Jimmie Rivera, a UFC bantamweight-division fighter, out of Ramsey, New Jersey, currently holds a 18-1 professional record. His latest bout was a split decision over Pedro Munhoz on UFC’s November 7, 2015 Fight Night 77.
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Read the interview highlights below, or listen to SCP Radio’s full-length podcast:
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Chris Remmers: Describe a little bit of your preparation a day or two before you went down to Brazil. Was there any sort time difference? Did you have to reschedule your training?
Jimmie Rivera: Yeah, there was a little bit of a time difference, but it wasn’t too bad. They’re three hours ahead. I didn’t have to adjust much. It was a little warmer than it was here, so it was about in the low 70’s, high 60’s. The weather was pretty cloudy most of the time. This is their season of a lot of rain. It doesn’t get too cold, but it gets cloudy and rainy.
CR: That’s got to be tough, especially if you want to do anything outside of the gym.
JR: There’s a lot of stuff to do around there, to just walk around, but you’ve got to be careful, because it’s not the best neighborhoods in São Paulo. You’ve got to watch where you’re going. You know what I mean? Make sure you know of the area where you’re going to.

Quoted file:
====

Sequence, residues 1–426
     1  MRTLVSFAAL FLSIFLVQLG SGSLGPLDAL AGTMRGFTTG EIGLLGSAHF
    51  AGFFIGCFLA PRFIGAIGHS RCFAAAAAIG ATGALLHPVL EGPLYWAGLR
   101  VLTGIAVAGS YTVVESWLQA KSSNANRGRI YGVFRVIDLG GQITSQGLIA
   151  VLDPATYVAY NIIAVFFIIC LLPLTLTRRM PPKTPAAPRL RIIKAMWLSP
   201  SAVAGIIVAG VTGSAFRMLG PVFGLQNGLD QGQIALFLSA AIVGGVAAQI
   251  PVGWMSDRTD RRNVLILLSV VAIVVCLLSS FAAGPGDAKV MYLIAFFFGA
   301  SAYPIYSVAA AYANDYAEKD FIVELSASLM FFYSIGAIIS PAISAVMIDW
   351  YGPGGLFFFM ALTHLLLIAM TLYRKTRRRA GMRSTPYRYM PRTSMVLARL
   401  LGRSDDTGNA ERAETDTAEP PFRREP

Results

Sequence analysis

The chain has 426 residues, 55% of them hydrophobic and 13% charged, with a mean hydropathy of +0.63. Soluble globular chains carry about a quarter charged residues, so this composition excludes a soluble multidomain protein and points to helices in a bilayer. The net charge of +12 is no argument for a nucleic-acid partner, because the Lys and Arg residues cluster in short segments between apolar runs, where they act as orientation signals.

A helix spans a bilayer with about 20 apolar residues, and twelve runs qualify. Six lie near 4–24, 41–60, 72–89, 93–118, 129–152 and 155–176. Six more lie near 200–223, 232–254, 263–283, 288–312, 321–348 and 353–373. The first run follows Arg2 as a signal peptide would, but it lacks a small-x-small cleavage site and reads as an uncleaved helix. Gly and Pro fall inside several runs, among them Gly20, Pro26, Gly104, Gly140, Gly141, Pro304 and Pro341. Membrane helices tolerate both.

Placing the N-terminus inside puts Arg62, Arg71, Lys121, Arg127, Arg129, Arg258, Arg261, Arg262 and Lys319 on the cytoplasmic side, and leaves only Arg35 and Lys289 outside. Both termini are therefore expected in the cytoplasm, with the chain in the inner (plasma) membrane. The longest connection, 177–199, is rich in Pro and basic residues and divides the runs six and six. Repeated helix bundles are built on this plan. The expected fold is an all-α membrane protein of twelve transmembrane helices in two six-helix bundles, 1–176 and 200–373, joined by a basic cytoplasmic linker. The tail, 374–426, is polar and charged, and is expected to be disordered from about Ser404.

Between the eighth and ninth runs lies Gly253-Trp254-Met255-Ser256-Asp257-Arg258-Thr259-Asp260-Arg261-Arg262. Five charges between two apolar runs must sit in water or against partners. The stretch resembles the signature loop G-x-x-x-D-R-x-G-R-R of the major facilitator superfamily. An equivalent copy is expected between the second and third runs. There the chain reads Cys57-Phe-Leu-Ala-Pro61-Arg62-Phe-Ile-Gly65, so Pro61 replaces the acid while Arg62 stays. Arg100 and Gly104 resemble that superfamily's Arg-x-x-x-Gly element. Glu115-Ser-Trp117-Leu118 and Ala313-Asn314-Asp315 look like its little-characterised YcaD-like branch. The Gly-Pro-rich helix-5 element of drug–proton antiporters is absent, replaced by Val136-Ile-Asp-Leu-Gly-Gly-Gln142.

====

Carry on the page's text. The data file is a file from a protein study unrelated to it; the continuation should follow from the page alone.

CR: Were there any places, while you were down there that stood out to you?
JR: Any of the hotels you go in are really nice and everybody is friendly. You’ve got to be careful going down the wrong street, wrong ally ways. You want to go more to the public places. Stuff like that.
JR: City areas especially. São Paulo is not the best. Rio de Janeiro is one of the best if you’re going for [tourism]. It’s a little safer than São Paulo. I was there. I got to travel a little bit on Sunday (day after the fight) and go around a little bit. Everyone was friendly. It was a little rowdy at the arena for the fight. They’re really for the Brazilians and I was fighting a Brazilian too.
CR: What was it like going in there, knowing you’re in Brazil, [with] the hometown guy you’re about to fight? You know half of it’s not for you. What’s going through your mind as far as preparation or motivation? Where’s your mind state at that point? Are you blocking them out or using them to your advantage?
JR: I’m blocking them out and just focusing on what I have to do and my game plan.
CR: That’s pretty much all you can do, I guess, when you have that many people around you screaming at the top of their lungs.
JR: Yeah, even though they’re screaming and chanting I’m just focusing at the task at hand and keep my mind on that, like my coaches say.
CR: Would you say the atmosphere in the arena was what you were expecting? Was it a little less, a little more?
JR: A little more, I guess, negative in a way. They’re literally cheering in Portuguese, “Kill him! Kill Him!”, before the fight. So, it was really hostile. They’re really for their people, which is understandable – a little bit more hostile than other places.